Chemical storage, such as the NaBH4 (Millenium Cell) approach, involves a compound that liberates H2 when reacted. The reactions are often with water. However, the reactions transform the fuel into a byproduct that must be recycled back into fuel off-board the vehicle. Current technologies suffer from unacceptably high energetic costs to recycle the fuels.
Reversible solid-state storage is an approach in which H2 is liberated from a solid state material by applying heat, and the spent material can be regenerated on-board the vehicle by applying H2 under pressure. This approach is attractive because it improves the volumetric density of the stored H2, and it even has the potential to exceed the density of liquid H2. It also avoids the problems of off-board regeneration associated with the chemical storage techniques. Current reversible solid-state storage materials suffer from one of two significant drawbacks (or both): 1) the storage material is very heavy, so while the volumetric density can be high, the density by weight, or gravimetric density, is low; or 2) the storage material binds the hydrogen too strongly, and thus requires too much heat/energy to liberate the H2.
- SUMMARY OF THE INVENTION
Therefore, there is a need for a light weight hydrogen storage material with high storage density, and hydrogen binding that will allow the material to reversibly store and release hydrogen with modest energy input.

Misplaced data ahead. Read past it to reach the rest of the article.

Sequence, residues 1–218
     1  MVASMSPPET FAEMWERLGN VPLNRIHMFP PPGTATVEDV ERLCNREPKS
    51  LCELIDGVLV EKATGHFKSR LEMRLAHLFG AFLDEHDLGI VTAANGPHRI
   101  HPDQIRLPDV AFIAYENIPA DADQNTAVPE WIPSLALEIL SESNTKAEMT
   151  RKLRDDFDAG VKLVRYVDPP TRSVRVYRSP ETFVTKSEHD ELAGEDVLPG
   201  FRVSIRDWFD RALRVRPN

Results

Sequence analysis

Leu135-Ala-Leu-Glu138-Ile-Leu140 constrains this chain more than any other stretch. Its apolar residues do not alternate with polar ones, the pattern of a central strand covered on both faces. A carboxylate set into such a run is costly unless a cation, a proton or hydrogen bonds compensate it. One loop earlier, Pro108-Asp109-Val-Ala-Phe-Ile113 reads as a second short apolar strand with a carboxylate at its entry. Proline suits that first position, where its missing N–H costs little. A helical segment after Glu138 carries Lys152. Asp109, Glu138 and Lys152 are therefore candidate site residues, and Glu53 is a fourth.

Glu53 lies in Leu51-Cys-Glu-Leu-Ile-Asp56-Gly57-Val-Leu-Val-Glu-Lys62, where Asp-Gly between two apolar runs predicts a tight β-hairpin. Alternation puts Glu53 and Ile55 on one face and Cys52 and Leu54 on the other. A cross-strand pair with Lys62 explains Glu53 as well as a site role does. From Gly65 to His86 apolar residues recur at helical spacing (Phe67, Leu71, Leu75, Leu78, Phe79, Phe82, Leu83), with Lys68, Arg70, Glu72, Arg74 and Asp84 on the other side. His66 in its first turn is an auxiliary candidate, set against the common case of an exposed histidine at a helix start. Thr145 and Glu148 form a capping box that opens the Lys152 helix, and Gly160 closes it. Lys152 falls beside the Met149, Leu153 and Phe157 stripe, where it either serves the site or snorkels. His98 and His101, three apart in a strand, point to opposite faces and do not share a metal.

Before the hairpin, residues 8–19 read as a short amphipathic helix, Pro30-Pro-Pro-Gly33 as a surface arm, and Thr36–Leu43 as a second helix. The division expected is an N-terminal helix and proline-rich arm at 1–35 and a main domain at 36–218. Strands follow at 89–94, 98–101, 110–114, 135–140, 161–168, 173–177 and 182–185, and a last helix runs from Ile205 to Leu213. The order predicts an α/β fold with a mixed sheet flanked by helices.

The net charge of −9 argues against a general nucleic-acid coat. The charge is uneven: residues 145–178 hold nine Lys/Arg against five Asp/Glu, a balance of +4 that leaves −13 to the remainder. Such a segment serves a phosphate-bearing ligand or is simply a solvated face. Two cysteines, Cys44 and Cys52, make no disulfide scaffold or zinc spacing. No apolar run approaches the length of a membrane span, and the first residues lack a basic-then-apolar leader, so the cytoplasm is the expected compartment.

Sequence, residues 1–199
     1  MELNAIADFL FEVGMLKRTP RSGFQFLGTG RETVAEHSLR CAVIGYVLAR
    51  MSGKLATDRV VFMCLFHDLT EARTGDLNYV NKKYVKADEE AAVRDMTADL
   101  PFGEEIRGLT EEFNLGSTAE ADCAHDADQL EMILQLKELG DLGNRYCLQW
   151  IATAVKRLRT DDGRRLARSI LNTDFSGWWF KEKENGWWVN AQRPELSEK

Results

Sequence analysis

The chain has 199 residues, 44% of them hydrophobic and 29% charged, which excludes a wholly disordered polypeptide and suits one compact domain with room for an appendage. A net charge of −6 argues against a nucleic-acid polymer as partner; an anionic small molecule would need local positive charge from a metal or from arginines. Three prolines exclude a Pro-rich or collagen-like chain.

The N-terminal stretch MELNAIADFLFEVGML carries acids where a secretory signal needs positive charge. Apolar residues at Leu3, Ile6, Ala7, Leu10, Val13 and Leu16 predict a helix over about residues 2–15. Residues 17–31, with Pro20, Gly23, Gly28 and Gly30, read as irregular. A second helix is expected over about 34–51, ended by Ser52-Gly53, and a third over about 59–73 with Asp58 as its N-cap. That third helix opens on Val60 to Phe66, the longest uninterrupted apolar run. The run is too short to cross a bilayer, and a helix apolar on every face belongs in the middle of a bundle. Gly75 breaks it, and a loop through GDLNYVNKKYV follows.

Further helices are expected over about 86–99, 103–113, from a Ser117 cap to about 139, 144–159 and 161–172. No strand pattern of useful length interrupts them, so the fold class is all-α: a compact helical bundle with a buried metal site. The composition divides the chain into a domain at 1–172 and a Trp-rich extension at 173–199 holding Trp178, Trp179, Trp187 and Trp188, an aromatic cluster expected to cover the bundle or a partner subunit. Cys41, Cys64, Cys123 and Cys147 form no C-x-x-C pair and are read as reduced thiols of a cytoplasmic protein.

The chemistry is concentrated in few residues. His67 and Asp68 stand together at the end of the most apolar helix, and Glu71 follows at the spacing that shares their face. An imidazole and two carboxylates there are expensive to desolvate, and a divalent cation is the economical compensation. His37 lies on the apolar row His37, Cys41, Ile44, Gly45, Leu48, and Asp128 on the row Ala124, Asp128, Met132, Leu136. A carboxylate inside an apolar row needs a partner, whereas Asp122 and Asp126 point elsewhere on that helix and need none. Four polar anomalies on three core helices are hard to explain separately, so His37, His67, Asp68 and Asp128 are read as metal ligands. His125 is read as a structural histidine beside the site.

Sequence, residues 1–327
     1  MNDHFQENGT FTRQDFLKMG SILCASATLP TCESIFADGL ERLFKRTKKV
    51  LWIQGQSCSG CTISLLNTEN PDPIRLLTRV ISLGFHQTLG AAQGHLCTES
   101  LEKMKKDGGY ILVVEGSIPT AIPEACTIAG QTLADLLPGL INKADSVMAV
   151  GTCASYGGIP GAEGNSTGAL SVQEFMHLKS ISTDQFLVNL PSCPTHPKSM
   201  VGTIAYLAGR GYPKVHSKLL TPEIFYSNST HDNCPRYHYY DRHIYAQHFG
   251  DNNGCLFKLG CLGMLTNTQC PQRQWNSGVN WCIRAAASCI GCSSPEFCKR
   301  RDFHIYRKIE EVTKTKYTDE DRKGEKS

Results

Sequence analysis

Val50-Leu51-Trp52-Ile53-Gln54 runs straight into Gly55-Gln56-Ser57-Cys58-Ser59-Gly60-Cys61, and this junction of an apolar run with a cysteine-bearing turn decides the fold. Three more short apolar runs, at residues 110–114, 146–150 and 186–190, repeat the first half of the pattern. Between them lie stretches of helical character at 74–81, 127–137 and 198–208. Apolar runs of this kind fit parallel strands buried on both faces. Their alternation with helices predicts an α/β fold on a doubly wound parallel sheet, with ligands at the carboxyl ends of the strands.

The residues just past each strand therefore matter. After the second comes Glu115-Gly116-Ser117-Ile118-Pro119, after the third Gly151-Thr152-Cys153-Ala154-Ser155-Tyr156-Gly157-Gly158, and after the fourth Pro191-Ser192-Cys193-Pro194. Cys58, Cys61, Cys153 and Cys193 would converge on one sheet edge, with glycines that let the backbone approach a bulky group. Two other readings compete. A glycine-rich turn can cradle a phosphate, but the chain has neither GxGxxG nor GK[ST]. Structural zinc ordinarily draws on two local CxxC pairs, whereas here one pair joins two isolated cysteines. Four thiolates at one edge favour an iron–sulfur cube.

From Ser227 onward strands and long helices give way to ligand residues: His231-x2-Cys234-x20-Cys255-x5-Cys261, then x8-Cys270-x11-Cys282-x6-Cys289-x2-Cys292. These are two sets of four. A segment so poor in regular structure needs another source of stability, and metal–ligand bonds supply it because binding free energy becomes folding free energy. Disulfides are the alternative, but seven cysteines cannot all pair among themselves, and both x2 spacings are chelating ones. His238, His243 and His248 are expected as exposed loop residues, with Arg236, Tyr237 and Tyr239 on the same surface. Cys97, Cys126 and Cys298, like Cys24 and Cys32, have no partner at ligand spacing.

The present invention meets that need by providing a suitable hydrogen storage material. It is a light weight material with a high storage density. It has hydrogen binding that should make it easily reversible at near-ambient temperatures. The storage material is LiBH4 combined with MHx, wherein greater than about 50% of M comprises Al.
Another aspect of the invention is a hydrogen storage material comprising LiBH4 combined with MHx, wherein greater than about 50% of M comprises Al, wherein the hydrogen storage material has an enthalpy of reaction in a range of from about 50 to about 80 kJ/mol H2, wherein the hydrogen storage material reversibly stores at least 8 wt % H2, and wherein the hydrogen storage material has a single-crystal volumetric density about 50% higher than liquid H2.
BRIEF DESCRIPTION OF THE DRAWINGS
Another aspect of the invention is a method of reversibly producing a source of hydrogen gas. The method includes providing a hydrogen storage material comprising LiBH4 combined with MHx, wherein greater than about 50% of M comprises Al; heating the hydrogen storage material at a temperature less than 100° C. to release hydrogen and forming a spent hydrogen storage material; and regenerating the hydrogen storage material by exposing the spent hydrogen storage material to hydrogen gas under elevated pressure and temperature.